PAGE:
April 11, 2018

Three Significant Criminal Justice Reform Bills Signed into Law

The momentum for criminal justice reform in the Florida Legislature was promising at the beginning of session. The Senate maintained a stronger position for comprehensive reform than the House, but the end results suggest that a new era of reform is dawning.


Several bills were introduced in both chambers aimed at changing or improving existing criminal justice laws, including measures to address minimum sentencing and the felony theft threshold. It initially seemed that this was the year when Florida would finally catch up with some of the other states’ efforts to abate mass incarceration and adapt a smart-on-crime model. As the legislative session got underway, however, most proposed criminal justice reform bills failed to even make it onto their second committee agenda, a reality that was more pronounced in the House than the Senate. However, there were three victories that suggest Florida is slowly moving toward substantive reform. Summaries of three bills that have been signed into law by Governor Rick Scott are detailed below.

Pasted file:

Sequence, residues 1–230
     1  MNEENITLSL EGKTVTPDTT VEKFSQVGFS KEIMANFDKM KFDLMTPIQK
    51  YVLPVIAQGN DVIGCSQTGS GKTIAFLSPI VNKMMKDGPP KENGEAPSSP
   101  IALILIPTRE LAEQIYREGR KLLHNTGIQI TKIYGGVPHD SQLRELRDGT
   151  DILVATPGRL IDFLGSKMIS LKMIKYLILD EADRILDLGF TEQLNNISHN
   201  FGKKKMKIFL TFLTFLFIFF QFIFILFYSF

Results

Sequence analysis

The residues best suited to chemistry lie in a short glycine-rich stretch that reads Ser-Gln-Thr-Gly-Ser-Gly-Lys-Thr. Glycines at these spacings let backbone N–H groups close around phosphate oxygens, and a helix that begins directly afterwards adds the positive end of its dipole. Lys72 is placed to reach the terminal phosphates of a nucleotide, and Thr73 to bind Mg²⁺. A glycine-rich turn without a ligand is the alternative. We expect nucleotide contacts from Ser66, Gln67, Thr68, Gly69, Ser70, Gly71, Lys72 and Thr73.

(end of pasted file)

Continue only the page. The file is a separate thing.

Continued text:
CS/SB1552- Juvenile Justice

Sponsored by Senator Bracy, the bill, now law, made several changes regarding juvenile justice. Its original version included a section dealing with the minimum age at which a juvenile can be transferred to adult court; that particular clause was supported by various advocacy groups, including the Florida Policy Institute. Unfortunately, it was taken out by a floor amendment in the House. That amendment removed a clause that would promote rehabilitation and second chances for youth offenders.

The current law only determines the overall treatment of a prolific juvenile offender (PJO) who is awaiting a disposition, not a PJO who violates the terms of his/her nonsecure detention. (A PJO is a youth with a high risk for recidivism.) Consequently, the new law deals with these violations. Its provisions go into effect on July 1, 2018.

Most notably, the legislation: